The Technology Policy Institute has developed a model for evaluating just how well the Internet is fulfilling its potential for hyperbole.
Next month's Consumer Electronics Show will be the last for Microsoft, the company announced Dec. 21.
NIST has opened its research funding programs for fiscal 2012, with the IT Lab among nine grant programs that are accepting applications.
The Maya didn't predict the end of the world, just the end of a calendar. And new technologies even give us reason to look forward to 2012.
These people and technologies made headlines for all the wrong reasons.
Policies for Top Level Domain expansion put too much burden on trademark holders to defend themselves against infringing domain names.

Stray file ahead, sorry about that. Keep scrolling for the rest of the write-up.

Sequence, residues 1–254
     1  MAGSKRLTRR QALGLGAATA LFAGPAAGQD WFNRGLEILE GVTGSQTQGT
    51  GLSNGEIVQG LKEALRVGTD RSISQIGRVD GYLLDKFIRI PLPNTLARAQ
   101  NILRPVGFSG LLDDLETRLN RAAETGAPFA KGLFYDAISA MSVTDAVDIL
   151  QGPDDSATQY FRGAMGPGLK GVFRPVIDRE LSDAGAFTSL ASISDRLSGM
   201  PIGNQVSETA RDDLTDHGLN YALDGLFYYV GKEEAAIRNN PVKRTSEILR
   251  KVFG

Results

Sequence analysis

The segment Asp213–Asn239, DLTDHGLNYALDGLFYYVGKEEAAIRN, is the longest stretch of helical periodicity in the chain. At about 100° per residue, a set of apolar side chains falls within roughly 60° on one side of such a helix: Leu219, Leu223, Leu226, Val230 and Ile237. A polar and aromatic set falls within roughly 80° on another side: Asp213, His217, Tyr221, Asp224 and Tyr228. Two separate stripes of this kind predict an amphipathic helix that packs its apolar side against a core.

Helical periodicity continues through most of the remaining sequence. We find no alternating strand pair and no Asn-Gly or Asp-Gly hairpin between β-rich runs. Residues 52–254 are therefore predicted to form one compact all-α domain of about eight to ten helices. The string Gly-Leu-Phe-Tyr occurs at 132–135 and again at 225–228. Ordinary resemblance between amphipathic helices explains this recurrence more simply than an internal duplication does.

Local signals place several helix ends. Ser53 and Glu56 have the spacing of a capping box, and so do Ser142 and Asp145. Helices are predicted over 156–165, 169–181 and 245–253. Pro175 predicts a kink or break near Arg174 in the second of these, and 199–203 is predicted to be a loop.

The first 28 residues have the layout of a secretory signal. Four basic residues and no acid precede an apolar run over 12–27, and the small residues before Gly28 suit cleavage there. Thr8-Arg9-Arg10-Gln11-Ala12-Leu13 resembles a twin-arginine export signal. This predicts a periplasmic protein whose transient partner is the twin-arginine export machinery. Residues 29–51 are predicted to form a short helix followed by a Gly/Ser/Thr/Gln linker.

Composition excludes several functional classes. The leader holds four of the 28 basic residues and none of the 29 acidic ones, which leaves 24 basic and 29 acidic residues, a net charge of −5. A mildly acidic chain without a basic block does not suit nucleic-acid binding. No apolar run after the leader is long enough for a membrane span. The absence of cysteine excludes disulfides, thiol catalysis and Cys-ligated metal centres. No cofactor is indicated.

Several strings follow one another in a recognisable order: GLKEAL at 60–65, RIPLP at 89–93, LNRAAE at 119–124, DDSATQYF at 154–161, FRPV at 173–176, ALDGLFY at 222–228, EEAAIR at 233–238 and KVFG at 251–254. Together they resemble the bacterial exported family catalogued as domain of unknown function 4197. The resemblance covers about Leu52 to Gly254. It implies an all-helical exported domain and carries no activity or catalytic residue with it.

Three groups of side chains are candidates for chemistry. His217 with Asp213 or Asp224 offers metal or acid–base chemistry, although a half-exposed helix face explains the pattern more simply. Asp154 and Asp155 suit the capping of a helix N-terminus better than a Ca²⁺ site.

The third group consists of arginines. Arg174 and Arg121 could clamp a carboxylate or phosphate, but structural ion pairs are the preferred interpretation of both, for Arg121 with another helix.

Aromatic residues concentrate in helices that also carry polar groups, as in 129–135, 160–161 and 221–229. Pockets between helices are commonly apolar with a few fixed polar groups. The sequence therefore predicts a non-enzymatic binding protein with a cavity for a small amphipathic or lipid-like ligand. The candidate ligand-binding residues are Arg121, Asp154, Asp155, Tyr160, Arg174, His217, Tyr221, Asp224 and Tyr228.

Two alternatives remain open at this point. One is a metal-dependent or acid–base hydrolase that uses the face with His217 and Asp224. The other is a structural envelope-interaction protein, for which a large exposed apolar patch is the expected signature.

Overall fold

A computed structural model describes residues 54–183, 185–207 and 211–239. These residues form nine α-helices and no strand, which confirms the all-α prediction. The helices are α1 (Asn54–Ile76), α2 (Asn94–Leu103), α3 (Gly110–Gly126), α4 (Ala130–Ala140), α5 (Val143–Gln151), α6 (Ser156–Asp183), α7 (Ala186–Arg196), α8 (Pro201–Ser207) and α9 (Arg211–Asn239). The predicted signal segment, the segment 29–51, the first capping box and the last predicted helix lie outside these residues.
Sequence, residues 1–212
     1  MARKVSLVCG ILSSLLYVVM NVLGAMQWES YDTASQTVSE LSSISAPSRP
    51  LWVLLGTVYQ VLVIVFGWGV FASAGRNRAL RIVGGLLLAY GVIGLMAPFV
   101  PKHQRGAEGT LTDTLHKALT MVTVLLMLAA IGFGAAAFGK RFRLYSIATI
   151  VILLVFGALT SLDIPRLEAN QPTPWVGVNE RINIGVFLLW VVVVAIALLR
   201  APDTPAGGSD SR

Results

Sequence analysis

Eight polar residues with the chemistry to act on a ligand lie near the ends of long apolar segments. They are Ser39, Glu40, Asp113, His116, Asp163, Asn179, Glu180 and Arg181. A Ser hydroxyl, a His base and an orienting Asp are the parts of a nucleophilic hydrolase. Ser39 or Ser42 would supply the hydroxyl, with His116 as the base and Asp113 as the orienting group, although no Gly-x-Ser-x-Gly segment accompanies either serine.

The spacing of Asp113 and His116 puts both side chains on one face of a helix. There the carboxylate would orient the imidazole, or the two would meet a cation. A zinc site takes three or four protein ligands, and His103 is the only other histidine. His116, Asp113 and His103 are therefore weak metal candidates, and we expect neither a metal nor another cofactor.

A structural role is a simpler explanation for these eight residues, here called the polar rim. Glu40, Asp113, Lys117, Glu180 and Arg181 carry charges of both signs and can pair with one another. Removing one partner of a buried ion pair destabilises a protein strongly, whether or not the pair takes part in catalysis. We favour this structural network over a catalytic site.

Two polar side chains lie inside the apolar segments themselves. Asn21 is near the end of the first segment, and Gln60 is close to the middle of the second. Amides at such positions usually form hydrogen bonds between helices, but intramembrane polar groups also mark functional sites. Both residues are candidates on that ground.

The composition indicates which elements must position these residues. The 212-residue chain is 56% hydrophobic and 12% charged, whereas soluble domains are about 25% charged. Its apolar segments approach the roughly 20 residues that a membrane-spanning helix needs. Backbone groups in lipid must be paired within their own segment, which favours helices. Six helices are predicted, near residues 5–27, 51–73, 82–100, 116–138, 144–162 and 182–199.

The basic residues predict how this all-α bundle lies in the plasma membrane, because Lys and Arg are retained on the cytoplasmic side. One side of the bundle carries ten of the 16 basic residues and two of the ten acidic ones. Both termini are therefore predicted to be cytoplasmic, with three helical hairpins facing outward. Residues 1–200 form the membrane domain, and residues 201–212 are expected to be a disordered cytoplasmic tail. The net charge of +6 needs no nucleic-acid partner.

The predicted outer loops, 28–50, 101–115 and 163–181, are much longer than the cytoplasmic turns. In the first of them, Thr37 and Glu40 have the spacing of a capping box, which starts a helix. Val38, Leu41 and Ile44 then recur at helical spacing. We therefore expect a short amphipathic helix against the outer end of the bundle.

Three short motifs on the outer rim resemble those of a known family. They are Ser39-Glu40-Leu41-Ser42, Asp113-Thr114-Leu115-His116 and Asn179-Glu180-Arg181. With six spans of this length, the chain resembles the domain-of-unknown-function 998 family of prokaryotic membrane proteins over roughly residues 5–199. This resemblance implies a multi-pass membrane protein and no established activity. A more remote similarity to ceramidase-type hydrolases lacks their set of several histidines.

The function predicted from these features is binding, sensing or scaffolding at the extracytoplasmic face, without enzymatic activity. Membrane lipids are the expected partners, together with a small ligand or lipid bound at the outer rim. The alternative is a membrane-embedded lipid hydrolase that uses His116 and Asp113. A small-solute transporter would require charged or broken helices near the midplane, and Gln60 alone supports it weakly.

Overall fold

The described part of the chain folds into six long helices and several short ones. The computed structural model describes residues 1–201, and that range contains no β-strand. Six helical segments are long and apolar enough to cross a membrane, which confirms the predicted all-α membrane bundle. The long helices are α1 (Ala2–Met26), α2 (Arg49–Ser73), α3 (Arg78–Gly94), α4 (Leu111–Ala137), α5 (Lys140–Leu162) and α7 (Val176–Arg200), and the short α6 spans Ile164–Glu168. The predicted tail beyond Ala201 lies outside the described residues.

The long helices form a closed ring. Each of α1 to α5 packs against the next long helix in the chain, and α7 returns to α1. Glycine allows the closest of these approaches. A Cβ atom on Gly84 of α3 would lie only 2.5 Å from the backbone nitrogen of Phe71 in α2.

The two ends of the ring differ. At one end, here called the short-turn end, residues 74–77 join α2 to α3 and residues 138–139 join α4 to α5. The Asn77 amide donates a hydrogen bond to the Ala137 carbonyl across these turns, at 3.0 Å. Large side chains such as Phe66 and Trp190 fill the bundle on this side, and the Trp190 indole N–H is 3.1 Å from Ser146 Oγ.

From invisible tanks to radar that can see through walls, the GCN Lab's coverage this year points to some jaw-dropping technology developments in 2012.
The U.S. Navy is developing new software programs to make its ocean-going robots more independent.
Nanotubes can be configured to create the blackest black, rendering an object invisible to radar or vision at night, researchers say. You wouldn't even be able to see Wonder Woman sitting inside.
The innovative architecture could lead to data-centric computing that allows massive amounts of data to be accessed in less than a billionth of a second.
With new funding and newly discovered planets to study, scientists resume their search for intelligent life in space.
Results of DARPA's Shredder Challenge could one day help soldiers piece together destroyed enemy documents.